Took me forever to solve this issue. Found a single post on a single site. A site was in a redirect loop because a page had a 301 redirect at one point with a really long cache time. I noticed the error to late (changed it to a 302 redirect). Broke Firefox and chrome for a while until I did a hard reload and empty cache on chrome. For firefox, after dumping the cache and it not working, I finally found out the trick is to simply open your Firefox history, right-click the troubled website there, and then select “Forget About This Site”. That should solve all your troubles for the end of time!
I’ve recently been playing around with S3Stat to analyze the traffic to a web application I run with a friend.
In the beginning of the month we got billed significantly more than expected for bandwidth. We were surprised so we looked into a way to parse our s3 stats without a pain in the neck. S3Stat appeared on a few forums so we tried it out. We caught our first hotlinker in the first 2 days and got them to stop. But a few days later it looks like they started up again.
Kind of obvious isn’t it? That little dip between the large ups is our normal bandwidth consumption. And this is information we’d never know about without S3stat or having to write our own solution.
While the chart doesn’t tell you who is contributing to the bandwidth consumption, their other data does. They provide a list of URLS by bandwidth used so we could find which file was being requested the most. More conveniently, they provide a list of referrers to our site. That let us easily pinpoint who was using our bandwidth so we could let that site know that we could not support them for much longer.
So thanks to S3Stat we are now saving (lots of!) money and we know exactly where our bandwidth is being used at. I think we’ll keep using them for a long time.
Been working hard for the last few months on a variety of projects. That includes a port of Zen Sudoku to Android and iOS. Here are some screenshots to look forward to.
Just a quick preview of our next game! It is going pretty fast because we know what we want and I’m finally on a break!
I’ve been working more on the Zombie Prototype. I’ve added procedural generated rooms and corridors in a labyrinth/dungeon/cave type style. I randomly generated a specified number of rooms spread out and only overlapping by 2 tiles at most. Then I chose an entrance/exit from each room and calculate the path to each other room from it using an A* formula with no diagonals. If no path can be found, it skips it, so it could be possible for an isolated room at this point. Of course, I’d love to add a lot more to it sometime in the future. Getting the basics down is good for now. After running, it usually generate a map that looks something like this:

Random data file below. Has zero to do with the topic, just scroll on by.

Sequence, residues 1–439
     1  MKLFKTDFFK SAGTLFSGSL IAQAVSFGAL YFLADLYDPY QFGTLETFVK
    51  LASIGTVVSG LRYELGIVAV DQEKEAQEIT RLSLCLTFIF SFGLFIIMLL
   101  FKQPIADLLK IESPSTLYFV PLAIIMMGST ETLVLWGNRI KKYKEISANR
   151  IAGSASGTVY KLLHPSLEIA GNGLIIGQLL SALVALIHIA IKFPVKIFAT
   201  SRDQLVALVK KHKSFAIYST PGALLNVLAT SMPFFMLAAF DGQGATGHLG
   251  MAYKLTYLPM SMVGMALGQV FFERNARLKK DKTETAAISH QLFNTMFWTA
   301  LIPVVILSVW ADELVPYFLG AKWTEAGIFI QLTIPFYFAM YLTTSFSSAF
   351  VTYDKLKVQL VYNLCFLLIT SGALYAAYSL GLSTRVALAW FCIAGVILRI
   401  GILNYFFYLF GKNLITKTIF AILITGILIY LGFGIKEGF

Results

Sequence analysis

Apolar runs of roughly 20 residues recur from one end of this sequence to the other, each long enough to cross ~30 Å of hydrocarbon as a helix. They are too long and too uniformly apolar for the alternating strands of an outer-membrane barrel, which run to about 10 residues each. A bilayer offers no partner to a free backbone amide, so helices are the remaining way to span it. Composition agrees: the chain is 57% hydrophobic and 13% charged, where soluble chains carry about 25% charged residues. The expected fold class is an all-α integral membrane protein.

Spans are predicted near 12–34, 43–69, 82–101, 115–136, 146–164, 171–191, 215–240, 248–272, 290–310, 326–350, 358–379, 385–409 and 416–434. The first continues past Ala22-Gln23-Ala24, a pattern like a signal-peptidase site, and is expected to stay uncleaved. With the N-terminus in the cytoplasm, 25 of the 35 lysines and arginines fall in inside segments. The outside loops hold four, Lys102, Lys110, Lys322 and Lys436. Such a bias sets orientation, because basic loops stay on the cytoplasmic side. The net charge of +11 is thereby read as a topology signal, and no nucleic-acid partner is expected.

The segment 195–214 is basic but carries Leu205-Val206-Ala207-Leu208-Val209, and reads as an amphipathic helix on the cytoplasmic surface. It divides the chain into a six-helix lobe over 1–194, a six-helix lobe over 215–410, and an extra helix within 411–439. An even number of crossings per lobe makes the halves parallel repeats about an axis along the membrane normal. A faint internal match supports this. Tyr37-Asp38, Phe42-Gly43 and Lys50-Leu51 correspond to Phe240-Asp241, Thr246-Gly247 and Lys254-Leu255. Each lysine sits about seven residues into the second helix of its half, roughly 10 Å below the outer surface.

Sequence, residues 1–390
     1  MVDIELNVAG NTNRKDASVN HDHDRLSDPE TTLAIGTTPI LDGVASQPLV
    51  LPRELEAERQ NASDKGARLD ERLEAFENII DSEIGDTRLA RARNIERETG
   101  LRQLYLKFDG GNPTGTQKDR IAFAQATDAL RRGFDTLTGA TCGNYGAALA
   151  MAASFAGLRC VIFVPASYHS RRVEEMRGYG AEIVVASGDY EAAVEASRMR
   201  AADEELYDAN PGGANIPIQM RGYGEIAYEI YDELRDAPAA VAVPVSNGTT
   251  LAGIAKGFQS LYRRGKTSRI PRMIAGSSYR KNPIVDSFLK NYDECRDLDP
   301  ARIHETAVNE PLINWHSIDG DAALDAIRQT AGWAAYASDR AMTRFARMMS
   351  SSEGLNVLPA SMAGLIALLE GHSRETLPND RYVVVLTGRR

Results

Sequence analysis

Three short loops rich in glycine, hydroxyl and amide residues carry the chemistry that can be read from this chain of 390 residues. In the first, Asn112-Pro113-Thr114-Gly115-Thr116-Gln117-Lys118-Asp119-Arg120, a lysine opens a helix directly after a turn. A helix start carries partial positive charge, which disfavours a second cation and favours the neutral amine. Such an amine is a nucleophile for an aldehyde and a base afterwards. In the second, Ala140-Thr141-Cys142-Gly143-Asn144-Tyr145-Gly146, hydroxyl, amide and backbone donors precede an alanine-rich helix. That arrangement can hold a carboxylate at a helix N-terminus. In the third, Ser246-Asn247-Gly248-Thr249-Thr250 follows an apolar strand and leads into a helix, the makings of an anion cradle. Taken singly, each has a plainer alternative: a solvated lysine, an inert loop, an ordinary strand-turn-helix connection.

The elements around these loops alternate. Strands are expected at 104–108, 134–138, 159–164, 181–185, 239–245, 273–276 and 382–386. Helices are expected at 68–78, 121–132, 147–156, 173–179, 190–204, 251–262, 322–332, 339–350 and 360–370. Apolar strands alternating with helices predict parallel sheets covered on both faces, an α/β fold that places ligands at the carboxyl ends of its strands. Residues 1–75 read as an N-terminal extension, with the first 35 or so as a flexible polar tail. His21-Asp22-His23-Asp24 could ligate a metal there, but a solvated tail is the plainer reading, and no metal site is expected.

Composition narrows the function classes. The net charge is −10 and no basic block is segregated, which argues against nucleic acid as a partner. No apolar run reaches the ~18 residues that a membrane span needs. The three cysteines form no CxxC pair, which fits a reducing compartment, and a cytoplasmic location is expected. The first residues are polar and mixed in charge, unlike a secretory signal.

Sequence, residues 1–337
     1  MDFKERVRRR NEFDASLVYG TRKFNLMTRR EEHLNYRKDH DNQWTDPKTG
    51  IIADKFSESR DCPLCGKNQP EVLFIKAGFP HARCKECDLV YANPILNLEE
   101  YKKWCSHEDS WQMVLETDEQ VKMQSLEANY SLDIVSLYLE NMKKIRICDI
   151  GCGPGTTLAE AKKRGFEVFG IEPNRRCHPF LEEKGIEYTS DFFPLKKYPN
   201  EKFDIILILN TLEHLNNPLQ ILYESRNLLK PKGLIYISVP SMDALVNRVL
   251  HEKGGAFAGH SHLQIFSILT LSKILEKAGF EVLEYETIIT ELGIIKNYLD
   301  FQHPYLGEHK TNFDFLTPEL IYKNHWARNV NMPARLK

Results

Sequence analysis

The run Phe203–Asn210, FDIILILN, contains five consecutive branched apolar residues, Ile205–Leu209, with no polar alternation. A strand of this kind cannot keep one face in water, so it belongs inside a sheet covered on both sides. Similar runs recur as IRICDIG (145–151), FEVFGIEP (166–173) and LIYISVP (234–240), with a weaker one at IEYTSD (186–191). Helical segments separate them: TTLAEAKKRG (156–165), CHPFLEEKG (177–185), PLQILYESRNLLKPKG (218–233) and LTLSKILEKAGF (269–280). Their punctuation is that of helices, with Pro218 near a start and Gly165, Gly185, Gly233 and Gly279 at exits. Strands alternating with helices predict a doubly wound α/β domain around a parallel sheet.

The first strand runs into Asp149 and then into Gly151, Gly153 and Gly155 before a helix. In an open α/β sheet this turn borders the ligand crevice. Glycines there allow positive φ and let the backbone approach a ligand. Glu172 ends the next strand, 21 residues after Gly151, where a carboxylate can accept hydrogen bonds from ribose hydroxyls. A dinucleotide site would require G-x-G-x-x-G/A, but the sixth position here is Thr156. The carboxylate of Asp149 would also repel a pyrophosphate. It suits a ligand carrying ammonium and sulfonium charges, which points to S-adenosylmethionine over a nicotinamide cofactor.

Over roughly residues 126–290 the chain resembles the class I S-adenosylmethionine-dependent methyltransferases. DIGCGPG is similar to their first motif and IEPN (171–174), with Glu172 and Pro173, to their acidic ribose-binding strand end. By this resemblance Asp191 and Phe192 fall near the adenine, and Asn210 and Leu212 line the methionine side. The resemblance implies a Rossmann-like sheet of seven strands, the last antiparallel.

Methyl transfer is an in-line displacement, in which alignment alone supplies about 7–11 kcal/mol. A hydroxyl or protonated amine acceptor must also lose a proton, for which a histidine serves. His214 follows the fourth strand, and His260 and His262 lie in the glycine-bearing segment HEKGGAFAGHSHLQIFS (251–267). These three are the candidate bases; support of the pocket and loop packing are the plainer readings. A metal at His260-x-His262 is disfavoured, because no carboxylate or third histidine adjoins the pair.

The brown scattered tiles that seem out of place is an alternate entrance/exit that was also calculated in case I’m going to change the way these rooms are connected.
Then I scanned through the rooms and generated an estimated number of zombies. Right now I set a total count and it generates somewhere around that many zombies (some randomness involved) all divided into their own rooms. The zombies are them spawned on the center tile of each room with a little variation so spreading out will be easier. Since I’ve added a repulsion algorithm to each zombie they naturally spread out into a better looking formation. A demo I ran with 25 zombies specified (up to 30 zombies can be generated since it the algorithm generates n to 1.2n zombies) and here is how they spread out after a second or two:
And then, to get a better look at how the repulsion algorithm works and to make sure it actually is working, I correctly scaled the map (previous pictures are at .6 scale) and spawned the player in the first room. After moving around a bit to collect the attention of zombies, I let them swarm for a bit around me. They generated a roughly circular shape as expected, each trying to push the others out of the way to get to me. Just like any real zombie would. The repulsion is a double check. If a different zombie is within the inner radius of another, the different zombie will get a strong repulsion. If the different zombie is within the outer radius, the same will happen though with a smaller repulsion force. This helps keep zombies from overlapping for sure (strong repulsion) and spread out a bit (weak repulsion) when they are following the player. Here is their clustering:
(Yep, there is some repulsion bugs currently when too many zombies are in one spot, which shove zombies outside of rooms unfortunately. You can see these bugs in the top left and top right)
And of course, I turned on the dynamic lighting. You can also see a bit of their following clustering in the image as well. They are quite spread out while they are attempting to reach me.